The last thing many people want to hear today, and somehow know that they do not dare to hear, is how everything is related to Christ.
While reading Scripture or other sources like Aquinas, Plato, or even P G. Wodehouse, we often have to stop and think. Previously, we may have read this or that passage several times. Yet on re-reading it, we realize that we did not grasp what it really said. For instance, I was reading in the Breviary a passage from the tenth chapter of Paul's Second Letter to the Corinthians. This is what he said: "We demolish sophistries and every proud pretension that raises itself against the knowledge of God; we likewise bring every thought into captivity to make it obedient to Christ." We are here reminded of Plato's intense dislike of the sophists. A sophist is someone, usually learned, who uses reason to obscure or undermine reason. It's not a rare species.
This possibility of using reason against itself is why the beginning of philosophy is, to use Aristotle's title, "the refutation of sophistry." "Now for some people," Aristotle observed, "it is better worth while to seem to be wise, than to be wise without seeming to be (for the art of the sophist is the semblance of wisdom, without the reality); and the sophist is one who makes money from an apparent but unreal wisdom." (165a17-18) Paul, however, prefers sophists to be "demolished," not just "refuted" or exposed as pursuers of money rather than wisdom.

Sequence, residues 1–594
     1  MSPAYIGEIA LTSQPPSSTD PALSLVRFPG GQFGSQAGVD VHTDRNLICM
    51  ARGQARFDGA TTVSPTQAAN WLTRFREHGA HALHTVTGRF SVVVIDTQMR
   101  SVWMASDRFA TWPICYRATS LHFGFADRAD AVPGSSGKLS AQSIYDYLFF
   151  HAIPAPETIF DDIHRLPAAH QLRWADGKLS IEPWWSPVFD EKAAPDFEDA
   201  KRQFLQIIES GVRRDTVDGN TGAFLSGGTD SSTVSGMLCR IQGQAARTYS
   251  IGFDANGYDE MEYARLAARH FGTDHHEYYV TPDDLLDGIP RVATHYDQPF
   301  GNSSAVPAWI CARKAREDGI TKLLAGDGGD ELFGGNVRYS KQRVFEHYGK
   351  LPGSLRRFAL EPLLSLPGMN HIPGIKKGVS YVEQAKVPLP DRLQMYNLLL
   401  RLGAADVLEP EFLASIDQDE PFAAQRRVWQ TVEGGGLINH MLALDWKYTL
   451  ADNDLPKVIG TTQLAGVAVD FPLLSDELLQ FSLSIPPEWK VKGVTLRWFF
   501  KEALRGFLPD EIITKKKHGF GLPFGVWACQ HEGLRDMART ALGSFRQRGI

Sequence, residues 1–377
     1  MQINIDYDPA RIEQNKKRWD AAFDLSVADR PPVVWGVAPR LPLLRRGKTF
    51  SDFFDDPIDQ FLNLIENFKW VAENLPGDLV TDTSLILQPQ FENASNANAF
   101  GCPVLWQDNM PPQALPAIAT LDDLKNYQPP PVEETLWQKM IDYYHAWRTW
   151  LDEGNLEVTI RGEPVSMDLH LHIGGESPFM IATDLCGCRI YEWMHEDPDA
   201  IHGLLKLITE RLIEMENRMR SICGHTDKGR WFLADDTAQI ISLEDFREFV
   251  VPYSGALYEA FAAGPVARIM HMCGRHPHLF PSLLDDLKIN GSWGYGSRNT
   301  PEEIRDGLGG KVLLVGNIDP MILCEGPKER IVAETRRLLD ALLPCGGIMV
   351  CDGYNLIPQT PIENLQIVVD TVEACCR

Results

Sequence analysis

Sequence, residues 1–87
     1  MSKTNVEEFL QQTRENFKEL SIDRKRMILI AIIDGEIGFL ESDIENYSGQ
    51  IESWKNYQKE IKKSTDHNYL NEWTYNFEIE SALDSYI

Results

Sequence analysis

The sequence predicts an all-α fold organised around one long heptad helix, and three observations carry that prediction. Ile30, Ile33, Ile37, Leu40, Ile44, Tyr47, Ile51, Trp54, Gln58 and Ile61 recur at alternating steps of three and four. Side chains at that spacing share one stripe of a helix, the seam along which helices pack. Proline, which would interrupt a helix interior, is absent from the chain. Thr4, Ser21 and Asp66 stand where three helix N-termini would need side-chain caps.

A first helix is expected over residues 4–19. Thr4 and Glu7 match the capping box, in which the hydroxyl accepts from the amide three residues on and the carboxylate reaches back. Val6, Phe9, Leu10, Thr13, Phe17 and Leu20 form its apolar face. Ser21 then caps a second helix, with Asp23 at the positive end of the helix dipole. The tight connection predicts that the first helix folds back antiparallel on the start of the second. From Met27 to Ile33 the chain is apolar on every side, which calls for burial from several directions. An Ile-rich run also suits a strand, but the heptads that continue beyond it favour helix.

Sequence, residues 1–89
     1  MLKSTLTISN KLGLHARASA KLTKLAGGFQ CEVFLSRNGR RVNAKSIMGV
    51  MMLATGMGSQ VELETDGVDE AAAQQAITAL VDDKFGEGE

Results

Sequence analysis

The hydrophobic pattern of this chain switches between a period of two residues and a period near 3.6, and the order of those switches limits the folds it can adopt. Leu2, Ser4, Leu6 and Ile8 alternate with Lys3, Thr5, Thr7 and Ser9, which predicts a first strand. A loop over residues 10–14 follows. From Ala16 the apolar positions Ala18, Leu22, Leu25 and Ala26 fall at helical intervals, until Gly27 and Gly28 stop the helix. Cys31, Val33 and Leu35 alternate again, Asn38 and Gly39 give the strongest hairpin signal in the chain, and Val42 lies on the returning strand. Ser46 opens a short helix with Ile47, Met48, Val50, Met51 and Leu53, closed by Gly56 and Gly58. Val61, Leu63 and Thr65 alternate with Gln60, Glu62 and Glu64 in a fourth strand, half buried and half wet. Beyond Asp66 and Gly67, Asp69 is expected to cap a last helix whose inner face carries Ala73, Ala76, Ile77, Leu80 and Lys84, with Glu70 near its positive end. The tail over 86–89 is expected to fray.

This passage in Paul is mindful of similar advice in 1 Peter (3:15): "Always be prepared to give an answer to everyone who asks you to give a reason for the hope you have. But do so with gentleness and respect." Paul is more blunt. Some people will not hear if we are overly gentle with them. There is a difference between honest inquirers and sophists.
The last thing many people want to hear today, and somehow know that they do not dare to hear, is how everything is related to Christ — as it is. What they even less want to hear is that there is a "reason" for every position. How everything is related in Christ is not apart from what is reasonable. Revelation is directed to reason. Reason knows that it does not explain everything. But what completes the explanation is not, in principle, "unreasonable," only beyond, but not against, the powers of finite intellect.
Catholicism is being isolated and increasingly persecuted because of the nagging suspicion that it can actually give reasons for anything it holds. Even though much of the philosophy of the age is relativism, it cannot afford to deal with reason lest it admit what it denies. Thus Catholicism's calm efforts to state this reasonableness are greeted with shouting, ridicule, avoidance of facts, mis-representation, and hatred. Scripture, to be sure, told us, when invited into a home that refuses to listen, to dust our shoes and move on. But there are increasingly fewer places to where we can move. This fact too seems more and more to focus the attention of the world on the truth issue. This is probably exactly where it needs to be focused.
Catholicism is being isolated and increasingly persecuted because of the nagging suspicion that it can actually give reasons for anything it holds.